Beating the Heat with Cool Textiles
Using a groundbreaking new cooling fabric, an international undergarment brand has unveiled a new collection that's completely Made in Taiwan – from materials to R&D to production to international marketing.
Beating the Heat with Cool TextilesBy Chao-Yen Lu
From CommonWealth Magazine (vol. 461 )
Since Taiwan and China signed the ECFA trade pact that eliminated mutual tariffs, products made in Taiwan have become hot sellers. International brands have begun to join hands with Taiwanese manufacturers to take advantage of the positive "Made in Taiwan" image to sell in international markets.
This May in Hong Kong, Malaysia, Shanghai, Singapore and Taiwan, Triumph launched its new "Touch Cool" underwear collection, which is said to lower body temperatures by up to 1.27° Celsius. In their design the bras and briefs differ somewhat from the sexy, chic style of Triumph's regular lingerie. Targeting sporty, active women, they come in a series of single colors – blue, green or black. Yet the new line is a major breakthrough, in that every single piece of underwear carries a label that states, "Materials come from Taiwan."
"This is a worldwide first in the history of Triumph," notes Triumph Taiwan general manager Adrian Kang. What Kang means with this so-called global first is that Triumph, which used to design its collections at the headquarters in Germany, while farming out production to regional production centers, this time allowed its Taiwanese subsidiary to design and produce the Touch Cool collection in Taiwan, and also market and sell it from there.
The project represents a major breakthrough for Taiwan's textile industry. In recognition of its importance, Taiwan's Department of Commerce supported it with a special R&D grant through the Assist Service Sector Technology Development program. Chung Kuo-tsui, head of the Industrial Economics Section at the Taiwan Textile Research Institute (TTRI), observes that few undergarment makers engage in exchange with other manufacturers, because they fear that their technology will be stolen. But this time Triumph Taiwan managed to bring together seven OEM companies at different levels of the manufacturing process, the first time a Taiwanese representative of an international brand has put together an entire industry chain to launch a new product line.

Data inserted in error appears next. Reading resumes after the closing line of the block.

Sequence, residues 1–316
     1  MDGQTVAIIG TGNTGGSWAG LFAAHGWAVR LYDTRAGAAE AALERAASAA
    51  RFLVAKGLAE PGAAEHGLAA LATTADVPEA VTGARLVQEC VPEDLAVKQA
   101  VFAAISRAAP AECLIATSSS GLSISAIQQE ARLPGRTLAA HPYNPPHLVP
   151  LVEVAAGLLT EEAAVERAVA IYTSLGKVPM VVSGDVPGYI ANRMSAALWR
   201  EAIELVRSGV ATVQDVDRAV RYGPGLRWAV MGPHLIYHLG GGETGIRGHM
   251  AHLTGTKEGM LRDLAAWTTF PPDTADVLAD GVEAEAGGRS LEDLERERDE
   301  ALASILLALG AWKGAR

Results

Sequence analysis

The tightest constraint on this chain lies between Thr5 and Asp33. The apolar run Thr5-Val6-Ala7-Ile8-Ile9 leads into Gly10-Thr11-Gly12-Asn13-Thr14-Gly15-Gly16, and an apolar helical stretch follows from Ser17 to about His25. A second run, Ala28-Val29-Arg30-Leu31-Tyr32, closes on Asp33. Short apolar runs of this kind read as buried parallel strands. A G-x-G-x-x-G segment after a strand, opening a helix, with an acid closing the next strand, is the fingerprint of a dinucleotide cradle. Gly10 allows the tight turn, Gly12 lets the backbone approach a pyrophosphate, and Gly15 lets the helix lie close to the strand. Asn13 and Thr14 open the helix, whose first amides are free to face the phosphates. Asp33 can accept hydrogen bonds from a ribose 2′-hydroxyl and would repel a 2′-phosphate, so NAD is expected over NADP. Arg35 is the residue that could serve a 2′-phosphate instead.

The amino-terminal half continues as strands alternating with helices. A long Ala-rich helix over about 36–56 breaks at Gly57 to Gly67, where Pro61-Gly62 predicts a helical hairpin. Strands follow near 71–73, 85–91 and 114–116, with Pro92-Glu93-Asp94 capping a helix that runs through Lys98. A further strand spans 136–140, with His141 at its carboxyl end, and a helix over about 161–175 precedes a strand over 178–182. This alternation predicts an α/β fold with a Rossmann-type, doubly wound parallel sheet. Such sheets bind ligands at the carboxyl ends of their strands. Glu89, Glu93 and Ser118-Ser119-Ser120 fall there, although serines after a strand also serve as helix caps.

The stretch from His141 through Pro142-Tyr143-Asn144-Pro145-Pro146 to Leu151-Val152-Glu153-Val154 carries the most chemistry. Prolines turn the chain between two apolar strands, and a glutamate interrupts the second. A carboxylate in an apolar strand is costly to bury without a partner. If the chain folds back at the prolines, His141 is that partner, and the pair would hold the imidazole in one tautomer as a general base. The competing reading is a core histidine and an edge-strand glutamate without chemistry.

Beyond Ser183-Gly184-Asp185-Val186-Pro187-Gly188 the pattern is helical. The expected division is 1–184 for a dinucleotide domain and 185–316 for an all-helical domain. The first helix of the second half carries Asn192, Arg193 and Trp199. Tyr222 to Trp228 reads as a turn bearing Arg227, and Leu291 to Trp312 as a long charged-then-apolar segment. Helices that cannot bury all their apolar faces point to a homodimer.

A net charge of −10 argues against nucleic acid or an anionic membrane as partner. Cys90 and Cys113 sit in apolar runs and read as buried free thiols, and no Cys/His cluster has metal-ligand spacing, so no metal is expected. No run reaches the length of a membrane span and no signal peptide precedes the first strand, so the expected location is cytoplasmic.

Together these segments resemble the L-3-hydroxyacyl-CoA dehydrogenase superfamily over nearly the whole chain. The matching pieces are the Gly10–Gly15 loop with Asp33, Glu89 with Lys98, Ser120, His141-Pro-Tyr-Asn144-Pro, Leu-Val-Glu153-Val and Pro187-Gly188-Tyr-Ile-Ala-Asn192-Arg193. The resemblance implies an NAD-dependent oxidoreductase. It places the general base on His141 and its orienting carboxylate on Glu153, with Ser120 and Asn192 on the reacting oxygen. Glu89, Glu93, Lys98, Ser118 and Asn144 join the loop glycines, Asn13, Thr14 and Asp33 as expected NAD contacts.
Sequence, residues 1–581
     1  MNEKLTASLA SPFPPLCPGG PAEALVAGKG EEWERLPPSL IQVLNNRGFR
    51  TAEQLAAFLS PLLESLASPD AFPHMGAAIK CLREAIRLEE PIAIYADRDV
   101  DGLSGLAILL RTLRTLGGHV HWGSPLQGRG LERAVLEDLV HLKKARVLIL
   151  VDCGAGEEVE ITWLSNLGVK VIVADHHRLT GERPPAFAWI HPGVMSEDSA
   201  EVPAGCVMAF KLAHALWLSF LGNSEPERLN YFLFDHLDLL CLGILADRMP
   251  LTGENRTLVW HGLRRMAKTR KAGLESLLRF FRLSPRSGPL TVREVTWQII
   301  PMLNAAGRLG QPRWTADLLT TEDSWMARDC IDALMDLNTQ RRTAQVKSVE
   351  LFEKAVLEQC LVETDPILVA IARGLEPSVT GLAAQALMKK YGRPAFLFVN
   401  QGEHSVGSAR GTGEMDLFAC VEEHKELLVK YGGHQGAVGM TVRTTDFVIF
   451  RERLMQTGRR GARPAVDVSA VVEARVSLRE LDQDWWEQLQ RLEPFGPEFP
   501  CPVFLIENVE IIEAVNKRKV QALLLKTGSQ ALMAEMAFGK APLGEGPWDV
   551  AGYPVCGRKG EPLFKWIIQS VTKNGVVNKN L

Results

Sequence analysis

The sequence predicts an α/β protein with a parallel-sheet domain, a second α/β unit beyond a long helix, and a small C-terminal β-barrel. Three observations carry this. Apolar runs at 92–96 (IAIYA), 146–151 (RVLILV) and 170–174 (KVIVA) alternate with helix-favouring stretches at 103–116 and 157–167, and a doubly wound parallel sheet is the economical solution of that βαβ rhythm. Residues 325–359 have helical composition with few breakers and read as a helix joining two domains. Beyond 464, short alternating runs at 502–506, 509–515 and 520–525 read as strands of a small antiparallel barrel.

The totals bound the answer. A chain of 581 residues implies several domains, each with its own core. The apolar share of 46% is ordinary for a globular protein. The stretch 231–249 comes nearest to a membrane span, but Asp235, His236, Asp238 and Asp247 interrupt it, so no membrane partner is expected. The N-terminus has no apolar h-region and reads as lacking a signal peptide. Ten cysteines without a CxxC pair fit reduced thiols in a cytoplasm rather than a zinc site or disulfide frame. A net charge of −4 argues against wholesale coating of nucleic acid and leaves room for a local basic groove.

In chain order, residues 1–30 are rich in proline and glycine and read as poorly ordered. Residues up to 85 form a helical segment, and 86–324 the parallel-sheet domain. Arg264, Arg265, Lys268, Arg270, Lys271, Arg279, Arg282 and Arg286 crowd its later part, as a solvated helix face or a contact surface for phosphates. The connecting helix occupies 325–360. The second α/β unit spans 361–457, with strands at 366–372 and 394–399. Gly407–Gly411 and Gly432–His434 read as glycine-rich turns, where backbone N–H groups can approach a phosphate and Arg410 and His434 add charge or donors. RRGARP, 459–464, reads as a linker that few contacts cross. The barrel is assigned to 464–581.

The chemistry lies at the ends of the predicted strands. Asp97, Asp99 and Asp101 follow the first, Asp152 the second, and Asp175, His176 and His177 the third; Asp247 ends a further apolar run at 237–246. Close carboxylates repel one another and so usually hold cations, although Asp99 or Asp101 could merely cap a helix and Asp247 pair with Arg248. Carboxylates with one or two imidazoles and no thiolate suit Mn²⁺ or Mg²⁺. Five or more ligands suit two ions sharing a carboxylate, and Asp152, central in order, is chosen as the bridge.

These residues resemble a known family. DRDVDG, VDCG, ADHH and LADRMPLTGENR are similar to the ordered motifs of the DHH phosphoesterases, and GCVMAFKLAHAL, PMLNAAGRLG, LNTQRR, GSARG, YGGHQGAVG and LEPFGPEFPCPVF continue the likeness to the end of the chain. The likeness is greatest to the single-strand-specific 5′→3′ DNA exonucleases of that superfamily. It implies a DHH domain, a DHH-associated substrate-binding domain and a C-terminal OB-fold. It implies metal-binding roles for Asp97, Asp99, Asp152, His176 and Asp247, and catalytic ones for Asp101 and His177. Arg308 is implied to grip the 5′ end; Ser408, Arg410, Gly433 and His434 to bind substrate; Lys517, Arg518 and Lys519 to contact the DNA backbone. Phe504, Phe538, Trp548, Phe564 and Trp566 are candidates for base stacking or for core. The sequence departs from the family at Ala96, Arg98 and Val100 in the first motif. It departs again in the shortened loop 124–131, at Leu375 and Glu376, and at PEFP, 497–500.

Forging Alliances to Go Global
"The times of individual companies fending all by themselves are over," notes Carl Huang, president of Taiwanese textile dye house Cotex. With zero tariffs now that ECFA has gone into effect, half-finished materials from Taiwan can be substituted by Chinese products even more easily. Therefore, Taiwanese manufacturers need to improve their international profile, and they need to cooperate with brand vendors and forge alliances with industry peers.
A number of functional products from Taiwan rank among the best worldwide in terms of technical capabilities. Yet when the companies that developed these superior products participate in international trade fairs and exhibitions in search of buyers, their efforts are often in vain, because they do not have own brands to showcase their materials. Against this backdrop, the Touch Cool underwear line became a new marketing model for Taiwanese manufacturers of superior functional textile fibers. "Now they can follow a brand vendor, integrate upstream and downstream production, and market the products worldwide," rejoices May S.M. Huang, who is in charge of the Touch Cool project as head of marketing at Triumph Taiwan.